House Dems Pull Funding for Occupation from Budget

Jonathan Weisman writes in the Washington Post:

A Democratic deal to give President Bush some war funding in exchange for additional domestic spending appeared to collapse last night after House Appropriations Committee Chairman David R. Obey (D-Wis.) accused Republicans of bargaining in bad faith.

Instead, Obey said he will push a huge spending bill that would hew to the president's spending limit by stripping it of all lawmakers' pet projects, as well as most of the Bush administration's top priorities. It would also contain no money for the wars in Afghanistan and Iraq.

"Absent a Republican willingness to sit down and work out a reasonable compromise, I think we ought to end the game and go to the president's numbers," Obey said. "I was willing to listen to the argument that we ought to at least add more for Afghanistan, but when the White House refuses to compromise, when the White House continues to stick it in our eye, I say to hell with it."

House Democratic leaders were scheduled to complete work last night on a $520 billion spending bill that included $11 billion in funding for domestic programs above the president's request, half of what Democrats had initially approved. The bill would have also contained $30 billion for the war in Afghanistan, upon which the Senate would have added billions more for Iraq before final congressional approval.

But a stern veto threat this weekend from White House budget director Jim Nussle put the deal in jeopardy, and Obey said he is prepared for a long standoff with the White House.

"If anybody thinks we can get out of here this week, they're smoking something illegal," he said.

Obey's proposal would ax about 9,500 home-district and home-state projects worth a total of $9.5 billion, according to Keith Ashdown, vice president of Taxpayers for Common Sense, a budget watchdog group. Republicans inserted about 40 percent of those projects. Not all of that money could be eliminated, however. The budget of the U.S. Army Corps of Engineers is parceled out as home-district projects, and Congress has no intention of eliminating the Army Corps.

Obey would not specify where the remaining billions would come from to reach Bush's bottom line, beyond saying the money would be shaved from the president's priorities. One possibility would be funding for abstinence education. Other targets could be nuclear weapons research and development in the Energy Department, NASA programs and high-technology border security efforts that have come under criticism for being wasteful and ineffective, said Steve Ellis of Taxpayers for Common Sense.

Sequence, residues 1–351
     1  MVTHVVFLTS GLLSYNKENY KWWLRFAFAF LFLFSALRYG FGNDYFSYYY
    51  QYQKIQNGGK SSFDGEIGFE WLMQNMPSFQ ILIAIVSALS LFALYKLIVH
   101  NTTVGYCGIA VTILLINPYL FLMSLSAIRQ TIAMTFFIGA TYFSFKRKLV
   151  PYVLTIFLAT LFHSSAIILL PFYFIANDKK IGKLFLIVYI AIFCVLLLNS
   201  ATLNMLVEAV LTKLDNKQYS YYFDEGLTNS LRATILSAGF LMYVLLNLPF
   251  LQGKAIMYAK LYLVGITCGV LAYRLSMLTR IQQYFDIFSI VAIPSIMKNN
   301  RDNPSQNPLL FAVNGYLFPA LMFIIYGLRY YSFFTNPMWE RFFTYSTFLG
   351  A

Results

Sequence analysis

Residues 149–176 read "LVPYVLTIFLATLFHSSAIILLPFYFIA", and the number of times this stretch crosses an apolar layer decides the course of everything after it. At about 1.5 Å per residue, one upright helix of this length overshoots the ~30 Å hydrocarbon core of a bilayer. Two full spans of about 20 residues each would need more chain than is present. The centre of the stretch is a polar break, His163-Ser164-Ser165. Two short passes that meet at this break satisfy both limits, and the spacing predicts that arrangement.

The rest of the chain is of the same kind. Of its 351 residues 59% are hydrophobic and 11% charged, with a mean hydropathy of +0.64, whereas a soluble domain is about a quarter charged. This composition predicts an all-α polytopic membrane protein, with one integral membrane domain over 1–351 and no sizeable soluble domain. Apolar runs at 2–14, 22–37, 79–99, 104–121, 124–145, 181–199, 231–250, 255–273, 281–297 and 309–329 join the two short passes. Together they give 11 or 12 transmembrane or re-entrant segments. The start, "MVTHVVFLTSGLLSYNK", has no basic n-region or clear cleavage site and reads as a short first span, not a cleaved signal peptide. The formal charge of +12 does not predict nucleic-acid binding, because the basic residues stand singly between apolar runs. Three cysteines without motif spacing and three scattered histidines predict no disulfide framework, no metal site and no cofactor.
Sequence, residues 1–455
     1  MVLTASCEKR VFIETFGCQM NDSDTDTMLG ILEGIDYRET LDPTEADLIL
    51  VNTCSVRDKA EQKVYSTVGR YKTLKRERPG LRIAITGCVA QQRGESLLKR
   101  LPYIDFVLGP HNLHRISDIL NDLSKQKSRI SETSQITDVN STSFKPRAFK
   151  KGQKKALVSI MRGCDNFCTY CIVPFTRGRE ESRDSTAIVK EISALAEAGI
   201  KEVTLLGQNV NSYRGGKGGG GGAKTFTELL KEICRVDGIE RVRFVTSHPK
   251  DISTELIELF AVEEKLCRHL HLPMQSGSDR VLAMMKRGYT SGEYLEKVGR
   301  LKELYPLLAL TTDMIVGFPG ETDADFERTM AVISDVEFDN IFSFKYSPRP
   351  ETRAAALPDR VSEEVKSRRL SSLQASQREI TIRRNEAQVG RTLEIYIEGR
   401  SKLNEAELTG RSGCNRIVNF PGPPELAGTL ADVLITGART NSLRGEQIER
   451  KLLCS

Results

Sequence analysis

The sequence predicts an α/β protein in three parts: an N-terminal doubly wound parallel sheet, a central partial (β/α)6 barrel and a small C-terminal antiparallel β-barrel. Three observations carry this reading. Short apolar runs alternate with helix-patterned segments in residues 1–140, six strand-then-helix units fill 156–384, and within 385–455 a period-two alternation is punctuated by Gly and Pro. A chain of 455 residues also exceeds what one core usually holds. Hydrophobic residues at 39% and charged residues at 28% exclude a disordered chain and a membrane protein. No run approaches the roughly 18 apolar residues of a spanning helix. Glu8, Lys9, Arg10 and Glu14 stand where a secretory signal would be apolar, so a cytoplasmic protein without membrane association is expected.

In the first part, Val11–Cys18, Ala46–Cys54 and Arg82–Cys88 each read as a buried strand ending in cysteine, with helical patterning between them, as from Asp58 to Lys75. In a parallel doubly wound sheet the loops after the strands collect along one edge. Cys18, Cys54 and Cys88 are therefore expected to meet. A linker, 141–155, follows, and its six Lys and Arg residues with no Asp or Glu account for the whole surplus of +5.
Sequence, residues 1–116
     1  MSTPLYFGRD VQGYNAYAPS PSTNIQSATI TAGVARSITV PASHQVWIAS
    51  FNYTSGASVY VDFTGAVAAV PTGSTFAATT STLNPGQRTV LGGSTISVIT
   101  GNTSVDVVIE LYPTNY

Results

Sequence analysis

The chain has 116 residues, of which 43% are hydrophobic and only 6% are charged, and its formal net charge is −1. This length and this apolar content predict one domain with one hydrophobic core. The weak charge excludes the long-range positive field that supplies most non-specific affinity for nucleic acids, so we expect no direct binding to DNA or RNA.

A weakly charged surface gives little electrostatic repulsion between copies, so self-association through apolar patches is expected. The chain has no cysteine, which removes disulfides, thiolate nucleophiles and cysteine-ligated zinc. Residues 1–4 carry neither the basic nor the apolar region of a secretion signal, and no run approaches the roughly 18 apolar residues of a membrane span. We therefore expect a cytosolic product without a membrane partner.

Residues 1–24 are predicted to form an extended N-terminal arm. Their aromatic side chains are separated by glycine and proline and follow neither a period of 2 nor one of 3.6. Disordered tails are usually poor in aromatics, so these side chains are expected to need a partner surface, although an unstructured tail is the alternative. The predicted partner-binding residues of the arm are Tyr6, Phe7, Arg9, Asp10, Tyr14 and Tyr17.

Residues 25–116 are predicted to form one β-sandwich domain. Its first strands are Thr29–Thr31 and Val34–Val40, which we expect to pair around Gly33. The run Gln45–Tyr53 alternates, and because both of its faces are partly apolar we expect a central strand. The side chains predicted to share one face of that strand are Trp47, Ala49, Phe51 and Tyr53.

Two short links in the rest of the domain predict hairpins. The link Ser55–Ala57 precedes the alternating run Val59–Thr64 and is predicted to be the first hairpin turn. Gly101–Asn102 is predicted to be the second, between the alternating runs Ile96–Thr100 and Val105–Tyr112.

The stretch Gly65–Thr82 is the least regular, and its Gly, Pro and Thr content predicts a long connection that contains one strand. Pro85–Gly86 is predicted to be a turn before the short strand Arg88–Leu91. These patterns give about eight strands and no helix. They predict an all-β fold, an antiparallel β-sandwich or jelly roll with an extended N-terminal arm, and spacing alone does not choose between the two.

"The smartest thing for [House Speaker Nancy] Pelosi to do is to realize the White House always wins these spending contests," he said, advising her to "cut your losses, get out of town and say Bush is still relevant" to the legislative process.

That still leaves the war-funding issue unresolved. Democratic leadership aides on Capitol Hill concede that at some point, Republicans can add some money for Iraq as a stripped-down spending bill winds through Congress. But plans for a quick end to the showdown appear to be fading.

"It is extraordinary that the president would request an 11 percent increase for the Department of Defense, a 12 percent increase for foreign aid, and $195 billion of emergency funding for the war while asserting that a 4.7 percent increase for domestic programs is fiscally irresponsible," Senate Appropriations Committee Chairman Robert C. Byrd (D-W.Va.) said.

Progressives have been highly critical of Congressional Dems for repeating that they would not give Bush "a blank check" to continue the war while writing a series of blank checks to continue the war. Arianna Huffington wrote that the Democrats are "Addicted to backing down…"

"Mostly quiet acquiescence, if not outright support."

That is how, according to the Washington Post, officials present characterized the reaction of lawmakers, including Democrats such as Nancy Pelosi and Jane Harman, when they were briefed in 2002 about waterboarding and other severe interrogation techniques being employed by the CIA.

But it could just as well be the slogan of the Democrats for much of the last six-plus years -- especially on Iraq.

It's no wonder Democrats have already decided to capitulate on the war funding bill coming before Congress next week. As recently as three weeks ago, Speaker Pelosi said there would be no more votes on Iraq funding this year (she said the same thing -- both about no votes this year and no votes in '08 without a withdrawal date -- when I interviewed her in October), and last month Sen. Chuck Schumer thundered, "The days of a free lunch are over."